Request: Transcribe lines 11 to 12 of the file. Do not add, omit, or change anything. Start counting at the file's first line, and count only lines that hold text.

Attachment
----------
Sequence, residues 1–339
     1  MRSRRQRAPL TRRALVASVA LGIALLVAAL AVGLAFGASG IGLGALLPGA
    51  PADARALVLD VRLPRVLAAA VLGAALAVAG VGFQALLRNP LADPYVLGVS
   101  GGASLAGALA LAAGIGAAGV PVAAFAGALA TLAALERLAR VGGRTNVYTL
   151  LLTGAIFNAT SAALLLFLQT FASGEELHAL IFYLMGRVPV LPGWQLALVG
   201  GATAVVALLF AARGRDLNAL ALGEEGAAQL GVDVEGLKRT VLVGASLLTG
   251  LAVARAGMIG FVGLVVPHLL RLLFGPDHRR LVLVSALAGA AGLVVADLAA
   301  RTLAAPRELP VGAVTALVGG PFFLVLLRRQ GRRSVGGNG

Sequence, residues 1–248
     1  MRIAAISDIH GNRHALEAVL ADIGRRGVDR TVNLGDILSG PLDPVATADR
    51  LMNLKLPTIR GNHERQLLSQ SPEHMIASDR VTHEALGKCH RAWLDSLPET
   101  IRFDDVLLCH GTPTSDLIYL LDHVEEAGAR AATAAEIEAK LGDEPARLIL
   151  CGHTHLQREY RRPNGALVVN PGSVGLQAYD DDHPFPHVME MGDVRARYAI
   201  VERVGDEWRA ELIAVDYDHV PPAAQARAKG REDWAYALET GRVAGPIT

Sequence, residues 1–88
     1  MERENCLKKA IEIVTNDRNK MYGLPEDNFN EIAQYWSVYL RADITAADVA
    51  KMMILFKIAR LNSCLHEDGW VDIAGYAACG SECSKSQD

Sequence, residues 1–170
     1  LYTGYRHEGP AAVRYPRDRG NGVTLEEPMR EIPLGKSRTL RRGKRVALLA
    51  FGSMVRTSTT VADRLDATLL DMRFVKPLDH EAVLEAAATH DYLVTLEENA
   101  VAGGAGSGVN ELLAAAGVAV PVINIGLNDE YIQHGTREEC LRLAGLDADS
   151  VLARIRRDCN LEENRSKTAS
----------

    51  LMNLKLPTIR GNHERQLLSQ SPEHMIASDR VTHEALGKCH RAWLDSLPET
   101  IRFDDVLLCH GTPTSDLIYL LDHVEEAGAR AATAAEIEAK LGDEPARLIL